A world divided. A queendom without an heir. An ancient enemy awakens.
The House of Berethnet has ruled Inys for a thousand years. Still unwed, Queen Sabran the Ninth must conceive a daughter to protect her realm from destruction – but assassins are getting closer to her door.
Ead Duryan is an outsider at court. Though she has risen to the position of lady-in-waiting, she is loyal to a hidden society of mages. Ead keeps a watchful eye on Sabran, secretly protecting her with forbidden magic.
Across the dark sea, Tané has trained to be a dragonrider since she was a child, but is forced to make a choice that could see her life unravel.
Meanwhile, the divided East and West refuse to parley, and forces of chaos are rising from their sleep.
Hi and welcome to my review of The Priory of the Orange Tree!
I’m sure you know, and if you didn’t then the dragon on the cover is dead giveaway, The Priory of the Orange Tree falls neatly into the epic fantasy category. I always feel a pull towards this genre, and said dragon convinced me to buy Priory as soon as it came out. However, not only its cover and content are epic, its size is too, and so I kept pushing it back, its sheer number of pages always feeling too daunting, and I not brave enough. This is why I put it on my 20 books of summer list, as I knew that would give me the little kick I needed to finally pick it up.
I will admit, Priory and I got off on the wrong foot but I’m sure I’m the one to blame. For one I’m much more accustomed to YA fantasy these days, which tends to be easier to get wrapped up in. Add in a few real-life problems robbing me of what little concentration I had, and there I was, feeling lost at sea, trying to keep all the characters (So. Many. Characters.) and events sorted. Had my copy been a print version and not an eBook, I might have noticed the list of characters at the back of the book…
I usually give a book about fifty pages to convince me it’s worth my time. Priory took a little longer, but then again, it’s twice the size of the average book, and as there have been books I had difficulty with at first, only to end up loving them (looking at you, We Need to Talk about Kevin!), and I wasn’t quite ready to throw in the towel (cos I really REALLY wanted to love Priory), I decided to stick with it. I’m happy that I did, it was totally worth it!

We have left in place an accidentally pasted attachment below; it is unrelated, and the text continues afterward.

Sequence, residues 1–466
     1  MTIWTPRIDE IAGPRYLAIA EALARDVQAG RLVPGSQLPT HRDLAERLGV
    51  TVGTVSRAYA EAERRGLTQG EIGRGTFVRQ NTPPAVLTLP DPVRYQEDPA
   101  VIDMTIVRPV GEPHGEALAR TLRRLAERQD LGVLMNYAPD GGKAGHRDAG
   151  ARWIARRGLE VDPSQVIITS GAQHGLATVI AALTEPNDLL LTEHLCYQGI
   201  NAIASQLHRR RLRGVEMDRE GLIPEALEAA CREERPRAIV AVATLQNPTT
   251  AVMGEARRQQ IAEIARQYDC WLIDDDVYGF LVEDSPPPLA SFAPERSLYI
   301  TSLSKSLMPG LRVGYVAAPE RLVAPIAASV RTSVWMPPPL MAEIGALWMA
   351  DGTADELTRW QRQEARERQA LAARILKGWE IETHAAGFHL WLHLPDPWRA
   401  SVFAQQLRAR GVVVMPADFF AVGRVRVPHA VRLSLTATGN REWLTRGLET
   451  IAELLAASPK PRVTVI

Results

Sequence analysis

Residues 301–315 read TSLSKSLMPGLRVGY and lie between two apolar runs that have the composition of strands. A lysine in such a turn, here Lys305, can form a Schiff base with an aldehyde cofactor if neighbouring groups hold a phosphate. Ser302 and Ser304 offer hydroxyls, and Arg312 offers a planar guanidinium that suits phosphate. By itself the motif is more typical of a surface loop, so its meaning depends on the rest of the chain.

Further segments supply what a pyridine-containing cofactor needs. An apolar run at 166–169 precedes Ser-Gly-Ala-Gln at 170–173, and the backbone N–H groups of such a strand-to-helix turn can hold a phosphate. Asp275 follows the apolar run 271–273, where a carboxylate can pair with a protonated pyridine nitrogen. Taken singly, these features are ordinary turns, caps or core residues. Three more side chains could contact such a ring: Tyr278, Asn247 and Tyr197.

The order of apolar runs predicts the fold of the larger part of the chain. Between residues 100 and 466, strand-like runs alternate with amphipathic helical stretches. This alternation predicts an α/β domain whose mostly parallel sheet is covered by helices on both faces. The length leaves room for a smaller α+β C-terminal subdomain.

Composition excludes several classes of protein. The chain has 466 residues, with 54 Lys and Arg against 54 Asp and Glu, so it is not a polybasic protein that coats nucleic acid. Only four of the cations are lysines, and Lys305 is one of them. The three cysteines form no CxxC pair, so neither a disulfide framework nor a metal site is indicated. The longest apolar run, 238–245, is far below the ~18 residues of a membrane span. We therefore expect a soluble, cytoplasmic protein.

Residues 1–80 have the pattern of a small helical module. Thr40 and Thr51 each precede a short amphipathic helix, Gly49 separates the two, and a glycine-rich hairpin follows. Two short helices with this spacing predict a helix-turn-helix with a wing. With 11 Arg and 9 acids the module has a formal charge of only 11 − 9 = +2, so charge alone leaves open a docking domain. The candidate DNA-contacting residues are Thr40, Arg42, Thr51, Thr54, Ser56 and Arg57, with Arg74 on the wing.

I felt Priory get under my skin. The intricacies that troubled me at first became assets and I started to hop effortlessly from one storyline to another, urged on by the need to know how all the threads would come together (instead of the need to conquer this behemoth and be done with it) and I was glued to my Kobo for the last nerve-wracking 100 or so pages. The epic final battle made me forgot all about my initial doubts.
Priory is a tale of queens and kings, of vicious fire-breathing wyrms and gentle Lacustrine dragons, of war and peace and sacrifice and it has the most beautiful love story, without ever becoming cheesy or too explicit. But Priory is more than an entertaining story. There’s this underlying message to the reader to look beyond sex, race, culture and religion that I very much appreciated, and there is definitely a feminist ring to it (but fortunately without depicting all men like either fools or bastards).
Despite my own rocky start with it, I cannot not recommend The Priory of the Orange Tree. It is an epic piece of epic fantasy, there’s no denying that. If this is a genre you enjoy and you haven’t read it yet, I’d say give it a go!